I'm a former teacher who is currently working on a doctorate in education while starting an urban charter school slated to open in August 2011. However, I'm also a food nerd who loves slow food and conviviality. I work part-time in a kitchen shop that teaches cooking classes and spend my free time growing food in my St Louis yard. If you doubt my street cred, check my deep-freeze, where you'll find a frozen pig's head. When I'm not in a kitchen, I'm reading, writing all over the interwebs, going to rock shows, sitting on my porch, or bumming around St Louis.
homegrown mint tea, but only because I'm hungover.
In the U.S. and Canada, the raw milk debate rages. Should it be legal? Is it safe? Should small farmers be able to sell it to individuals? At farmers' markets? At grocery stores? Who will regulate it? Raw milk has been described as the "sexy bad boy of the dairy industry" as consumers try to get their hands on the oft-maligned milk.
But a few other famous boys are raw milk drinkers, too (no, not the Jonas Brothers). The world's most famous groom-to-be, Prince William, and his brother Prince Harry are raw-milk drinkers on occasion, although I doubt the creamy beverage will be served at Wills' royal wedding to Kate Middleton this spring.
Picture this: You order a meal at your favorite restaurant. Then, when the bill comes, you realize: You can pay whatever you like!
Believe it or not, this scenario happens at many restaurants nationwide. Several independent pay-what-you-wish restaurants -- many supporting non-profit organizations -- have been in operation for years. Even national chain Panera Bread has opened multiple pay-what-you-wish locations across the country. Now, the trend is extending into fine dining as well; the concept is being touted as another way to turn slow business periods into money makers.
But can restaurants profit using the pay-what-you-want model? Do patrons really pay a fair price for their meal? Better question: Would you pay? How much?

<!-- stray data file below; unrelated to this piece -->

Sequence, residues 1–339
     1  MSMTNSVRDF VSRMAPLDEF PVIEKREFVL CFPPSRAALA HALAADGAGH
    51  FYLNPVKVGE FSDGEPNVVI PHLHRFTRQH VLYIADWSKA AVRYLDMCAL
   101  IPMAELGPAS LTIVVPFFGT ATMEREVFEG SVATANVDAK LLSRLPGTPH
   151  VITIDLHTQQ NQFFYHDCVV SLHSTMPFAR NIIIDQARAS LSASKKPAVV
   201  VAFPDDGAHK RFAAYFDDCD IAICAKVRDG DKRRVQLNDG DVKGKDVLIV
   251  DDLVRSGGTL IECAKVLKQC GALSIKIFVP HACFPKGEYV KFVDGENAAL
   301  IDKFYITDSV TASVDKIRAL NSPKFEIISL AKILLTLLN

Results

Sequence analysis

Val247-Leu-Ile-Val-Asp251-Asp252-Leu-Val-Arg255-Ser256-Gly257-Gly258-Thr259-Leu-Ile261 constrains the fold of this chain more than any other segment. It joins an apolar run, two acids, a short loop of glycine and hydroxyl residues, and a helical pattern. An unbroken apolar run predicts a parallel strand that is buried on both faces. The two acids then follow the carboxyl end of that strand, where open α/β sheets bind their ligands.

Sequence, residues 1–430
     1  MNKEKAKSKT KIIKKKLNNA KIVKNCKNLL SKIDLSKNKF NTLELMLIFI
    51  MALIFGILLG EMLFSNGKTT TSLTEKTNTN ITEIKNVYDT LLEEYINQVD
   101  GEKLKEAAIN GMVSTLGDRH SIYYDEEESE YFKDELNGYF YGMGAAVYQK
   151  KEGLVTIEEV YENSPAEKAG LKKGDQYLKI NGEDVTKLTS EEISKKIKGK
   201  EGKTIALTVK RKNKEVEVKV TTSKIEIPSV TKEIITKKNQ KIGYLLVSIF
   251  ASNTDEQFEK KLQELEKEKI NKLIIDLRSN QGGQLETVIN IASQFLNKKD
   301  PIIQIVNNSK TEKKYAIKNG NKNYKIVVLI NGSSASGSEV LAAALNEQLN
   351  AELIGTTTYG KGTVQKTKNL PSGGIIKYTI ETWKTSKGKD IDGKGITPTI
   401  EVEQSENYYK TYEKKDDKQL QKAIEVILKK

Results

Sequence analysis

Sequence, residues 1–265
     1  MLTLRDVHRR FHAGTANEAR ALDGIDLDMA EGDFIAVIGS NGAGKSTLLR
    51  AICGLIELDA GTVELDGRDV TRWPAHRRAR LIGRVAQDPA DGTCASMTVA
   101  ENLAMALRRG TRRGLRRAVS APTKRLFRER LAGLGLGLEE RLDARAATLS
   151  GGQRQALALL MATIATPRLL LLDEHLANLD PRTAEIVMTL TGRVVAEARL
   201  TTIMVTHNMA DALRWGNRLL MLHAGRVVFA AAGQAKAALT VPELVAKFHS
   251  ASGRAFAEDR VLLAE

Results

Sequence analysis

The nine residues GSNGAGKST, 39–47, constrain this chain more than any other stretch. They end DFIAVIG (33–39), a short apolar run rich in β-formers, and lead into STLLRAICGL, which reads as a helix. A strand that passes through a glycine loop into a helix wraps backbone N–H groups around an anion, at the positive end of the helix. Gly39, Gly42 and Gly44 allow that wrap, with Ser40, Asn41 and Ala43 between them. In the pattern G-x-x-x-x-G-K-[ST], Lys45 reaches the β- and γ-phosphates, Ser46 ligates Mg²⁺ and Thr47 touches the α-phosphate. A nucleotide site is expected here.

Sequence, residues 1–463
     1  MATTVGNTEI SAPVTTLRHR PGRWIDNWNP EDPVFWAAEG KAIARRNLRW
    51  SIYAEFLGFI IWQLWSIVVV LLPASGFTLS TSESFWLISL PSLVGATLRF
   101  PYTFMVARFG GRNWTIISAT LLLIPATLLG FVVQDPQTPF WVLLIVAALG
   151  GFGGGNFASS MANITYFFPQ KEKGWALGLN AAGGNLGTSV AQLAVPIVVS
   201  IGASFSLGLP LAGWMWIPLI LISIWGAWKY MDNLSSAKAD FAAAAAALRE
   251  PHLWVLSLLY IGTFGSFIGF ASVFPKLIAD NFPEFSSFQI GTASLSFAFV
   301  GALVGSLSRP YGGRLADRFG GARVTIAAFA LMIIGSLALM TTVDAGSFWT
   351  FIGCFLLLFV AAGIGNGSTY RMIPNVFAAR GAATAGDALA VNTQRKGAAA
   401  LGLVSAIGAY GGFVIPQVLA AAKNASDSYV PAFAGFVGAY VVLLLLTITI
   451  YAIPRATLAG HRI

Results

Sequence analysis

When I think about food, it's generally in a positive, I'm-a-foodie-and-slightly-obsessed way. But it's not that way for most women. Lots of ladies use food as a way to make themselves feel horrible about themselves. They see food as something they are not supposed to have, something that makes them look and feel terrible. How unappetizing!
If only we thought about food the same way that men think about sex. Who can forget Meg Ryan's orgasmic experience in the deli in When Harry Met Sally and the iconic line that followed, "I'll have what she's having." Consider this: 36 percent of men think about sex every 30 minutes, 25 percent of women think about food every 30 minutes, reports the Daily Mail.
While women have a Cathy-esque laugh about our stereotypical preoccupation with eating and men's with doin' it, a recent study had some more concerning findings about how women view food.
Recently, a veteranLA Timesrestaurant critic, S. Irene Virbila, was dining at Beverly Hills' Red Medicine restaurant when a co-owner took her photograph, then kicked her out. The co-owner then put her photo on the restaurant's Tumblr site, without her permission, and banned her from the restaurant. The owner claimed it was because he did not like her reviews.
Instead of using the opportunity to showcase the strengths of their restaurant, Red Medicine ownership chose taking petty, unprofessional action against someone doing their job. This is just one more public misstep by restaurant management in handling critics, both professional and amateur alike. As social media evolves, and with it, the spread of public forums for critiquing restaurants and other services, some restaurants are choosing to evolve with it. Some are not, and I for one can't understand that. What are restaurants trying to hide?
For a group of California residents, feeding the hungry during the holiday season had its benefits: FREE POT.
That's right. Granny Purps, a marijuana dispensary in Soquel, CA, offered patients a deal to help them collect canned goods for their holiday food drive for Second Harvest Food Bank. For every four cans of food a patient donated, Granny Purps would give the patient a free joint. Patients were limited to three free joints a day.
It was a little holiday "puff, puff, give," if you know what I mean.